Much has been written – on this page and elsewhere – about the future viability of investor-state arbitration based on intra-EU BITs in the aftermath of the CJEU’s Achmea decision. In the authors’ view, the May 2020 Termination Agreement concluded between 23 of the 27 EU Member States with the intention to terminate existing intra-EU BITs has rendered further discussion on this topic largely academic – with the exception of the impact on ongoing intra-EU arbitrations and the separate fate of the Energy Charter Treaty. This has become all the more true with the Agreement’s recent entry into force between Denmark and Hungary, heralding the gradual phase-out of intra-EU BITs, along with their sunset clauses, that takes effect within one month after ratification by the relevant EU Member State(s). However, the pressing question remains: what is to be done?

The approach taken by the European Commission (EC) and majority of Member States has created the very gap in protection of cross-border investment within the internal market that many, including a number of prominent Member States, long insisted on preventing. Already in their non-paper issued in April 2016, Austria, Finland, France, Germany and the Netherlands acknowledged that, in parallel to terminating intra-EU BITs, it was necessary to afford European investors with modern guarantees on substantive and procedural investment protection so as to maintain a level playing field vis-à-vis their foreign competitors. The Termination Agreement has done the former, but not the latter. It has created a vacuum in investment protection for intra-EU investors and done nothing to fill that vacuum. Moreover, it is plainly insufficient to merely ‘provide guidance on existing EU rules for the treatment of cross-border EU investments’, as the European Commission suggested with its 2018 Communication. This is why Luxembourg and Portugal, in their recent declarations to the Agreement, called upon the EC and Member States ‘to start a process with the aim to ensure complete, strong and effective protection of investments within the EU and adequate instruments in this regard’ in line with the Declarations of Member States of 15 and 16 January 2019 and recital XVI of the Agreement. To this end, and as part of its initiative to strengthen intra-EU investment protection, the EC has been soliciting views of the European public on strengths or weaknesses of the intra-EU investment protection system.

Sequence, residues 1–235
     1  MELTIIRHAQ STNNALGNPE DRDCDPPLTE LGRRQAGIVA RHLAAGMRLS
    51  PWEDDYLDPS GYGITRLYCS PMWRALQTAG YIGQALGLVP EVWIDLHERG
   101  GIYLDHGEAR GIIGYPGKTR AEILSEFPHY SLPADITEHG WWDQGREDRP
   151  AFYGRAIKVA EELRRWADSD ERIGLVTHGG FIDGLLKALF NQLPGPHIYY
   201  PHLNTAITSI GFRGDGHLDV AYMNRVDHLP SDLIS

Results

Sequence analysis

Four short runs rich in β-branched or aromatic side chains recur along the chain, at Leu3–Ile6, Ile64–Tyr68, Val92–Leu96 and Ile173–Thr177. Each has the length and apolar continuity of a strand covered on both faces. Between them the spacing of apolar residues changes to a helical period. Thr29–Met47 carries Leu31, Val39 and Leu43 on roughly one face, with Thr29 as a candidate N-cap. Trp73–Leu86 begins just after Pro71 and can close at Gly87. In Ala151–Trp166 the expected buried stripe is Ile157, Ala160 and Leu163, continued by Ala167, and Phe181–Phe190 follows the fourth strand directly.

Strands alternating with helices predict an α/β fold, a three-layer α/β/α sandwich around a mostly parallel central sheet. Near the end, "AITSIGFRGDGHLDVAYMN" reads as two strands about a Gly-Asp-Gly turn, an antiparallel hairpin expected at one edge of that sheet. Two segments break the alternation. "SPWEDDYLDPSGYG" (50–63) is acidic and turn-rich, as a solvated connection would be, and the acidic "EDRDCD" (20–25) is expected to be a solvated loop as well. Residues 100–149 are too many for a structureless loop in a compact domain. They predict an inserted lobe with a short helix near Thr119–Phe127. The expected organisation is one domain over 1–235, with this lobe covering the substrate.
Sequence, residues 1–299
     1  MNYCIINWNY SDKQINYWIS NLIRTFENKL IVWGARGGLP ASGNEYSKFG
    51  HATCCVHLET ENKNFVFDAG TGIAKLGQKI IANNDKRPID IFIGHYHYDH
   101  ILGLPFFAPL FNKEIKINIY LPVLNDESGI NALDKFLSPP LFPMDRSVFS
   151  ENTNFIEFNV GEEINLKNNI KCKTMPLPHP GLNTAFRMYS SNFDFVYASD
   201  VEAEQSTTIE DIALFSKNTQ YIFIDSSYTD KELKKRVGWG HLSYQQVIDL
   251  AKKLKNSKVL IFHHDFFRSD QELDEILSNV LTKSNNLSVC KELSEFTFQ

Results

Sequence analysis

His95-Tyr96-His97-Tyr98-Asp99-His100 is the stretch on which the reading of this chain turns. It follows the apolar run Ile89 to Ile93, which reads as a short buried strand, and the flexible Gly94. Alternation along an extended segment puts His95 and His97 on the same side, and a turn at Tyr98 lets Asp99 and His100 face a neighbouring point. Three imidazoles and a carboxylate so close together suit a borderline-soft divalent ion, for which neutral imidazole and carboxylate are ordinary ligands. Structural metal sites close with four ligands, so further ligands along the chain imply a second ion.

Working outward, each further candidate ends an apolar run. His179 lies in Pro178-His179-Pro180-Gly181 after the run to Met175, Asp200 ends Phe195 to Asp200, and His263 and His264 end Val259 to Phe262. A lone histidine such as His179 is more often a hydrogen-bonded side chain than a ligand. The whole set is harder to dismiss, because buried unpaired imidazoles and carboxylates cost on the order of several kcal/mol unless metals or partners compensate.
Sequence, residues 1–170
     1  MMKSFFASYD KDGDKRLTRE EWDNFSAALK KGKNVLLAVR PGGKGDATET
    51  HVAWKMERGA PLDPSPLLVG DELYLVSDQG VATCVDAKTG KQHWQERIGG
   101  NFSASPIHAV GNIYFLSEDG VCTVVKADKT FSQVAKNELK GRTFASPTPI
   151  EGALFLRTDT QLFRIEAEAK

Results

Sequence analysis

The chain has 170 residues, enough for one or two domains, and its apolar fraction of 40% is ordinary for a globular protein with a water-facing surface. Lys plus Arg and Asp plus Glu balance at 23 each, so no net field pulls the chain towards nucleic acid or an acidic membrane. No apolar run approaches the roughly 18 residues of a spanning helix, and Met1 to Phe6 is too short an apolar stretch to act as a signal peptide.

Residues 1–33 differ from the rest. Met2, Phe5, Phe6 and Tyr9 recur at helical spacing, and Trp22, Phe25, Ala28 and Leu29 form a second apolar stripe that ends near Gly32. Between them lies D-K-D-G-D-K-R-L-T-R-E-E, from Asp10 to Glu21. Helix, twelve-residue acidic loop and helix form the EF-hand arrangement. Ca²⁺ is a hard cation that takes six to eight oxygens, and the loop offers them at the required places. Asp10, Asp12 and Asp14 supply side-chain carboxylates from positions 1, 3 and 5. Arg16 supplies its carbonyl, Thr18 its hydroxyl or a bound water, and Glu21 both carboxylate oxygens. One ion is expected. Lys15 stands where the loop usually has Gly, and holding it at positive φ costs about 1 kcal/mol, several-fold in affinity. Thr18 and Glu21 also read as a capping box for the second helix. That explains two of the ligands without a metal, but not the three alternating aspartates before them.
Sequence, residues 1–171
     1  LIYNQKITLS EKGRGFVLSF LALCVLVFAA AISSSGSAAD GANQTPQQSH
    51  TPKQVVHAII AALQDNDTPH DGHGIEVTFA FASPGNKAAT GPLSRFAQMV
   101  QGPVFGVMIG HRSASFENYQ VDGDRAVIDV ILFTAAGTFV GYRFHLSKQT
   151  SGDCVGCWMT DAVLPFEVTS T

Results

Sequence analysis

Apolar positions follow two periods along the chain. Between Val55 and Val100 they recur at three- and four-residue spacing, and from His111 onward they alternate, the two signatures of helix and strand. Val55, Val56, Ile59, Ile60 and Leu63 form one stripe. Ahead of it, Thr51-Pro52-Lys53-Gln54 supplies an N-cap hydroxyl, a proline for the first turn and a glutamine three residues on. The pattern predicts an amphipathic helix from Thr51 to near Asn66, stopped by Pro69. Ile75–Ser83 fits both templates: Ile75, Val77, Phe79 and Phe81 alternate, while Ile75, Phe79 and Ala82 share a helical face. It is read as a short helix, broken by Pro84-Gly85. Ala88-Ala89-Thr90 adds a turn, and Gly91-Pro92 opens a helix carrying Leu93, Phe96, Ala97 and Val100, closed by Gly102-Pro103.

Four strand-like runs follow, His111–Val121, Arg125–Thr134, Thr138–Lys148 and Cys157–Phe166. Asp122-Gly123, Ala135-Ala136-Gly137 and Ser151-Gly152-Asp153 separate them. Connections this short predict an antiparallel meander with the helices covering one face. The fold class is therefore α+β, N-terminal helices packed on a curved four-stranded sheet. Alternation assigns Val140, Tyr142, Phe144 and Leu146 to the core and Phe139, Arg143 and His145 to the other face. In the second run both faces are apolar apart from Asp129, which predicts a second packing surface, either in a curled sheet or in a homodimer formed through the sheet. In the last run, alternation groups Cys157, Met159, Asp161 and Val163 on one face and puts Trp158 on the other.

Surely, many different solutions have been, and will be, offered by various stakeholders with various perspectives. We do not believe there is one sole, perfect approach. However, the goal is clear, and is shared by (nearly) all stakeholders: at the very least, EU Investors must receive as much protection – in practice and not just on paper – as investors from non-Member States. The big question is how to realistically achieve this goal in a manner that is consistent with EU law and acceptable to the EC, Member States and investors. In our view, a European answer needs to include innovations in both substance and procedure that build on the EU’s efforts to reform investor-state arbitration in the international arena.

As a matter of substance, the modern protection standards developed by the EU in their new-generation FTAs should be incorporated into EU law. Procedurally, intra-EU investors should be able to avail themselves of these rights either (i) in a hybrid system combining elements of arbitration with a permanent appellate body; or (ii) before new specialised courts within the judiciary of Member States.

 

Substantive Protection Standards

The new-generation FTAs negotiated by the EU provide clearer and more reliable substantive protection standards than does the current EU legal framework. First, substantive investment protection granted under EU law is scattered, i.e. there is no clear body of norms protecting cross-border investments. Second, the scope of protection standards is unduly narrow, since they do not cover the entire life of the investment and provide less protection as compared to international investment law. For example, as both tribunals and academics have acknowledged, EU law does not entirely encompass the Fair and Equitable Treatment (FET) standard. Yet, the EU has entered into investment protection agreements with third states (e.g. CETA, EU-Singapore Investment Protection Agreement, EU-Vietnam Investment Protection Agreement) that contain the FET standard and provide for an exhaustive list of elements specifying its scope of protection. If such protection is warranted for these extra-EU investors, surely it is warranted for intra-EU investors as well. An EU regulation incorporating such standards would thus add greatly to legal clarity and create a level playing field, not just between investors from different Member States, but also vis-à-vis foreign investors. Moreover, as Nikos Lavranos has pointed out, their adoption through EU secondary law would have the advantage of immediately creating a harmonized system of investment protection within the EU without requiring any implementing acts.